Mediterranean migrant crisis: Britain under EU pressure to open doors to African refugees

Although David Cameron does not have to take part in a proposed European-wide scheme to relocate some 40,000 migrants, he was urged to help

Andrew Grice
Thursday 25 June 2015 19:18
Many African migrants have been sleeping rough in Ventimiglia on the France-Italy border. David Cameron is under pressure to open its doors
Many African migrants have been sleeping rough in Ventimiglia on the France-Italy border. David Cameron is under pressure to open its doors

Britain is under pressure to open its doors to some of the thousands of migrants who have crossed the Mediterranean to enter Europe from Africa.

David Cameron does not have to take part in a proposed European-wide scheme to relocate some 40,000 migrants now in Italy and Greece because the UK enjoys an opt-out from EU justice and home affairs decisions. But at a summit of European leaders, he was urged to play his part on a voluntary basis.

EU officials suggested that the 28-nation bloc might have to rewrite its rules on immigration and asylum if member states did not agree between them to accept the 40,000. Such a move could put Britain’s opt-out on the negotiating table, with Mr Cameron under pressure to surrender it as part of the new EU deal he is seeking for the UK. That would be impossible for the Prime Minister to accept, as it would play into the hands of Ukip and Conservative Eurosceptics.

British officials insisted that other EU countries were not “linking” the migration crisis and Mr Cameron’s renegotiation. They said there were no plans for Britain to accept Mediterranean migrants, adding that Britain opposed a mandatory scheme.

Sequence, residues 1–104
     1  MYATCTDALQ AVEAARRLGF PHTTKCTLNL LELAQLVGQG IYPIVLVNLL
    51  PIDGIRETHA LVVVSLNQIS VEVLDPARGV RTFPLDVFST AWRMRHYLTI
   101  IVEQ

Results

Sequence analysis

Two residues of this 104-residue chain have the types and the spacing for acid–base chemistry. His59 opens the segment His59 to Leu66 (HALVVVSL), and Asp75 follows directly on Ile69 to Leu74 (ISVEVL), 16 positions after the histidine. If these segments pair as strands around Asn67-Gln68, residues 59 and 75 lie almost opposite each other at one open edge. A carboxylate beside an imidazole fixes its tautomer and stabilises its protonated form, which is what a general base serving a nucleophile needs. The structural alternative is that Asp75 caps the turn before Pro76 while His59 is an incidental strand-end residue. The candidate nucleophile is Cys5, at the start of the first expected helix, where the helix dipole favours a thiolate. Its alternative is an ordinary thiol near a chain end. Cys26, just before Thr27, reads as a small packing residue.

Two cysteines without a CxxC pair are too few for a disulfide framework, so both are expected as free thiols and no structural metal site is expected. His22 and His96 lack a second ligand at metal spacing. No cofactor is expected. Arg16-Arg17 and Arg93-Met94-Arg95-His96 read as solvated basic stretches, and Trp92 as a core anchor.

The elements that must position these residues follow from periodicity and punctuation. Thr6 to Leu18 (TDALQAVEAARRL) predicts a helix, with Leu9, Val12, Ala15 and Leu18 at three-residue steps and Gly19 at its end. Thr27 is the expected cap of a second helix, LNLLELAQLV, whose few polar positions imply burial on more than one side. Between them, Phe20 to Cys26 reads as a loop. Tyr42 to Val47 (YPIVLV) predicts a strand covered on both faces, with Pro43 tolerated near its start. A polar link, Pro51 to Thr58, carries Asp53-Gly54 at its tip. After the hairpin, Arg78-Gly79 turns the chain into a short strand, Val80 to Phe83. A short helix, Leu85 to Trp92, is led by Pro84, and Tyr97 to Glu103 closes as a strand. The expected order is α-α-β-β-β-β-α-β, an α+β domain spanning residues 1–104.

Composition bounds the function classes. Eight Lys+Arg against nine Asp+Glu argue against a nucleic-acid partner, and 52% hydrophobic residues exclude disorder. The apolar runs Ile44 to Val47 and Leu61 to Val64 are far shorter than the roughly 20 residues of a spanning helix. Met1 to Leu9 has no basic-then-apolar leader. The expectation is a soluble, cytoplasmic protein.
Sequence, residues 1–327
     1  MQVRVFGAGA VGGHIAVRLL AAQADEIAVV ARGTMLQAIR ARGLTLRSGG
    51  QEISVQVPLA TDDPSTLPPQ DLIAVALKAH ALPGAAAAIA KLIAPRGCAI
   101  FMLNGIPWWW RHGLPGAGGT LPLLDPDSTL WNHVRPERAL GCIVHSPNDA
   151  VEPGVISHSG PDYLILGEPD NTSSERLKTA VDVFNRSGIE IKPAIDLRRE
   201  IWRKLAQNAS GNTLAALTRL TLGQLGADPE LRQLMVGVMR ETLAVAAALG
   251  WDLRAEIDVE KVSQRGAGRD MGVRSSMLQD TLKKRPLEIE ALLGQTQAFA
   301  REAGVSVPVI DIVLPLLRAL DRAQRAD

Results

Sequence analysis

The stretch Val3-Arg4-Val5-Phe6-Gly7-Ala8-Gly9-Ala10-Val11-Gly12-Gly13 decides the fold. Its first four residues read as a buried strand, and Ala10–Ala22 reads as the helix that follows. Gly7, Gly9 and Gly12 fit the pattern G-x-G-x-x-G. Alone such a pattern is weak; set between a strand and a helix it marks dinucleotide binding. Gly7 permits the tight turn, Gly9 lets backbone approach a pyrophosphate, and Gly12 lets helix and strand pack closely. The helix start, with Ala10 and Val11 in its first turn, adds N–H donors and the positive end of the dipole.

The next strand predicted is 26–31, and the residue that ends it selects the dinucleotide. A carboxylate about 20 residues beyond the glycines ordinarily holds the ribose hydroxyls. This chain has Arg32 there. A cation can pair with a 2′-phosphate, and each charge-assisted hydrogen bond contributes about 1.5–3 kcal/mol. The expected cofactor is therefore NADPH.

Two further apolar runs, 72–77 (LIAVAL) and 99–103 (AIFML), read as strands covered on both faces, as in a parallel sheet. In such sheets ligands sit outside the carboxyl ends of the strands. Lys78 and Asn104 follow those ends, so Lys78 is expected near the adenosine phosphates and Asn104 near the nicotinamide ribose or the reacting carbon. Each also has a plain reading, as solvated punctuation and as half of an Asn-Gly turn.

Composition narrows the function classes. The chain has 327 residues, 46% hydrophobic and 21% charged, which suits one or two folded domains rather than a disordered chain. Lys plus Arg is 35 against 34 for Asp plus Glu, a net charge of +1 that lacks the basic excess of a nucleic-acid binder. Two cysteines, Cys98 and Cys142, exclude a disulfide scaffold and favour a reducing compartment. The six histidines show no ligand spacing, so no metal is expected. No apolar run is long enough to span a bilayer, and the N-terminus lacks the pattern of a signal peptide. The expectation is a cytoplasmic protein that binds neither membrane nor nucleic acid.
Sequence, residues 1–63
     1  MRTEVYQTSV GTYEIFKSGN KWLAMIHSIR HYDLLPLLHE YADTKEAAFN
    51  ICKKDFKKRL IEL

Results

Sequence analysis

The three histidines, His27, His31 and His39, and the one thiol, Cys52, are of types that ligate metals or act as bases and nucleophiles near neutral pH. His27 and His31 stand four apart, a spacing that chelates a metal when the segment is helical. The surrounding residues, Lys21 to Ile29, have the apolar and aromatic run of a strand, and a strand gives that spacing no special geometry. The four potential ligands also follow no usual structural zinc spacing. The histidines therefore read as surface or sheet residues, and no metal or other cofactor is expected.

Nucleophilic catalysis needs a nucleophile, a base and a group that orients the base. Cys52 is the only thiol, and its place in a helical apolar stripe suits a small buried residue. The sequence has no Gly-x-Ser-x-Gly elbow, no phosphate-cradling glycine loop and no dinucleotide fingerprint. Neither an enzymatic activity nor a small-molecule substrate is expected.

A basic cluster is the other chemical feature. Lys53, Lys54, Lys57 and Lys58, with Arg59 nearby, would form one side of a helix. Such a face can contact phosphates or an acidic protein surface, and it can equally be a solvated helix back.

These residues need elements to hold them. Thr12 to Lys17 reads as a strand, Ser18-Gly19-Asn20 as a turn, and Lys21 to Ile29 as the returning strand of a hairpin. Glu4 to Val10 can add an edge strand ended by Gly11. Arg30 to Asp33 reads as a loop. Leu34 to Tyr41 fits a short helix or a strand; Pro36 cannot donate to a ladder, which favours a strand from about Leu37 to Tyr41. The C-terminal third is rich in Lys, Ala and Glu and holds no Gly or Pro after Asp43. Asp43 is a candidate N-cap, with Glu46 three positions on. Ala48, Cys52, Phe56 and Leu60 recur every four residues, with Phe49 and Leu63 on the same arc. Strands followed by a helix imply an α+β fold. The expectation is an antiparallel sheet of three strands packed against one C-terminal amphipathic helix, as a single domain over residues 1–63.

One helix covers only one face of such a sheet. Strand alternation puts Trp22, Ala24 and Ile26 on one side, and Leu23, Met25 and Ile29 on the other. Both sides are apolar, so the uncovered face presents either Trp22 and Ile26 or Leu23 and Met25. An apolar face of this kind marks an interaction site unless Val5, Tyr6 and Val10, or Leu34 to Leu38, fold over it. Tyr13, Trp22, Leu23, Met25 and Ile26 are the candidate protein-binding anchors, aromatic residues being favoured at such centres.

Plans drawn up by the European Commission for a formal quota system were shelved after several EU countries refused to accept a set number of migrants. They included Hungary, Poland, the Czech Republic, Slovakia, Latvia, Lithuania, Estonia and Spain.

Minutes of a meeting of EU ministers on 23 June show that they warned: “A binding mechanism could fuel extremist and xenophobic sentiments in member states and constitute a pull factor [for migrants].” But other countries, led by Italy, said a formal quota system was needed.

EU leaders discussed the migration crisis at a working dinner in Brussels last night (thurs) but the deep split among them may force them to put off a final decision on the fate of the 40,000 migrants.

Donald Tusk, President of the European Council composed of the 28 national leaders, said that states wishing to pursue a voluntary approach should come up with numbers of people they are willing to take by the end of July. "The voluntary mechanism cannot be an excuse to do nothing," he said.

Mr Tusk added: “I can understand those who want this voluntary mechanism, but they will only be credible if they give precise and significant pledges by the end of July at the latest. Solidarity without sacrifice is pure hypocrisy and now we don't need empty declarations on solidarity, but only dates and numbers."

Mr Cameron said that the issue was “vitally important, adding: “We need a comprehensive and co-ordinated approach, and Britain will play its role. Already, it is the Royal Navy picking up people in the Mediterranean.

Prime Minister David Cameron speaks with the media at the EU summit in Brussels on Thursday

"British aid is doing a huge amount to stabilise African countries - and we can do more - and we are bringing our expertise to bear in terms of cracking down on those criminal gangs that are trafficking people across Africa and into Europe. I look forward to discussing what more Britain can do to help with this crisis.”

Maurice Wren, chief executive of the Refugee Council, said: "European leaders have failed to acknowledge that the humanitarian tragedy unfolding in the Mediterranean is of their own making. As the world plunges into one of the greatest refugee crises ever, Europe has responded by building its walls even higher, forcing refugees to take ever greater risks in their attempts to reach safety.

“As borders across Europe close to refugees it appears we are in danger of forgetting the lessons of history. During Europe’s darkest days, western nations shamefully turned boatloads of Jewish refugees away from safety."

He added:"We cannot afford to make the same mistakes again by trying to keep this crisis out of sight and out of mind. We must respond with compassion and humanity, and offer alternative routes to safety for those who desperately need them.”

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